by Mitch Kokai
Senior Political Analyst, John Locke Foundation
Alexander Riley writes for the Martin Center about the origins of diversity training.
Diversity training is now in force at many institutions of higher education.
In the typical scenario, students, staff, and faculty submit themselves to the mercies of hectoring lectures and demeaning demonstrations that purport to reveal white privilege and the oppressive conditions faced by “underrepresented populations” in their institutions. …
… As this revolutionary wave sweeps across American higher education, those interested in understanding it should reflect on the history of diversity training.
It was born the day after Martin Luther King Jr. died. On April 5, 1968, Jane Elliott, an Iowa third-grade teacher, conducted an experiment intended to inform her students what it was like to be non-white in America. Elliott staged a world in which her radical view of race relations in the country was produced within her class of white students. Brown-eyed students were collared, ostracized, insulted, and bullied by their teacher and the blue-eyed students. Then the process was reversed, and blue-eyed students became the targets.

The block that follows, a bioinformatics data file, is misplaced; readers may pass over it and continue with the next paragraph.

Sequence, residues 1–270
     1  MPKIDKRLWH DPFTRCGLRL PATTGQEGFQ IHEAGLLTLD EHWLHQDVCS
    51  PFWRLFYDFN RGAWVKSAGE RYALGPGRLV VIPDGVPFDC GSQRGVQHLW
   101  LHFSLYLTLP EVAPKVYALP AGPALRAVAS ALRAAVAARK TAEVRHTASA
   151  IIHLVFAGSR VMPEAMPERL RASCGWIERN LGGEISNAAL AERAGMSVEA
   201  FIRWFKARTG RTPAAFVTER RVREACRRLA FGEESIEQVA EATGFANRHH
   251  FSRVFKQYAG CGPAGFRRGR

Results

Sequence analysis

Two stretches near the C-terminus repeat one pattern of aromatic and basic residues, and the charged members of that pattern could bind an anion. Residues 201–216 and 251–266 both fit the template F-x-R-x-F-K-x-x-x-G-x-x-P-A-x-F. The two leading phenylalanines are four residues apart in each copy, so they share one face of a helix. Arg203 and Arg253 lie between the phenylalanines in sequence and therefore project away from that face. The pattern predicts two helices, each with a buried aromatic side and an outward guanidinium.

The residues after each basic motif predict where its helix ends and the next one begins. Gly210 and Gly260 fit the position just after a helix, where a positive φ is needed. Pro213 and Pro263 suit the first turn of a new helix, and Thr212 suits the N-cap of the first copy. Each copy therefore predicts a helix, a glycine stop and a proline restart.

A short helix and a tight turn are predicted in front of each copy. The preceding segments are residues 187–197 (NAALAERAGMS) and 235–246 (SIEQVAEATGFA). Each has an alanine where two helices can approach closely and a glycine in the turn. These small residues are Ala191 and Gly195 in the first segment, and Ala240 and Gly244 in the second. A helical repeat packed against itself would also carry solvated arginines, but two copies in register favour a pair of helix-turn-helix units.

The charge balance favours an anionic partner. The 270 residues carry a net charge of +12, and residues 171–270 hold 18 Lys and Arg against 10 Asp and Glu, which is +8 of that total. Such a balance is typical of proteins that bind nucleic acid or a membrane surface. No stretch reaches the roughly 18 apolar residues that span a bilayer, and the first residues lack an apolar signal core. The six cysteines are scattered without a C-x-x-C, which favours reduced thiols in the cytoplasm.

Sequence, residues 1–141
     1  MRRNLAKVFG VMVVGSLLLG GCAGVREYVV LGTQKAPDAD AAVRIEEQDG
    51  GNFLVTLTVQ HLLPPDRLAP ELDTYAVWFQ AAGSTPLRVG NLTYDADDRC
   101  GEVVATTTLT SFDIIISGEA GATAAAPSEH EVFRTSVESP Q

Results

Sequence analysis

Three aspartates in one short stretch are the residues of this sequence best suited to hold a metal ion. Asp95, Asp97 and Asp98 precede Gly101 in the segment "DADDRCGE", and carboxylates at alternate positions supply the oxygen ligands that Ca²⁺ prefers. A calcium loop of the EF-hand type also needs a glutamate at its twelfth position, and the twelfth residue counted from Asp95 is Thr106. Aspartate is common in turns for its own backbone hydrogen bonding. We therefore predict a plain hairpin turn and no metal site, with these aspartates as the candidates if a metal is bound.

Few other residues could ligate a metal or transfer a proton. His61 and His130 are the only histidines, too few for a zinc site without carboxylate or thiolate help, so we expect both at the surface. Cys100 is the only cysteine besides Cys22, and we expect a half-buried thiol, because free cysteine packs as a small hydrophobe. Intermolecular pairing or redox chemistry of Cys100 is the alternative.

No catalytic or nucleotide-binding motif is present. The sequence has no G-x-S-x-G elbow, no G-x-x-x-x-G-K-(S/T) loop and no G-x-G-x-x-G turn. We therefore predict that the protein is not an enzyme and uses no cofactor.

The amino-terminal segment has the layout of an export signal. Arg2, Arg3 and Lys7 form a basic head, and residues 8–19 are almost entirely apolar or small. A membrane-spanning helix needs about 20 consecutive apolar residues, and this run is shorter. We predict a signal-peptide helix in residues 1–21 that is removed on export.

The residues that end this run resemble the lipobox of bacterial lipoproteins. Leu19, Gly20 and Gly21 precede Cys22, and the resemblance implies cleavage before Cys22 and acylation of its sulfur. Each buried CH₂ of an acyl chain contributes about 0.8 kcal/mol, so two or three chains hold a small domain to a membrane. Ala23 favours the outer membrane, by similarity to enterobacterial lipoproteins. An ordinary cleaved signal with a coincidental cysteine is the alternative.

Elliot’s intention was to parallel the operation of racial inequality in American society and thereby counteract and eliminate the prejudice undergirding it.
But research on the efficacy of Elliott’s method at reducing the propensity of children to play the deeply ingrained game of in-group/out-group has shown no conclusive results.
Some studies show incremental reduction of attitudes of preference for racial in-group and distance from some out-groups, while others find very little or no change from baseline attitudes, and still others indicate that diversity re-education may simply encourage whites to emphasize their own hardships to avoid classification in the dominant group.
Elliott quickly adapted her experiment for adults, and the level of psychic bullying was significantly amplified with the older subjects. Any of the several films of these experiments (The Eye of the Storm; A Class Divided; How Racist Are You?) can instructively be consulted for evidence of the sharp cruelty at the origin of the diversity training ritual.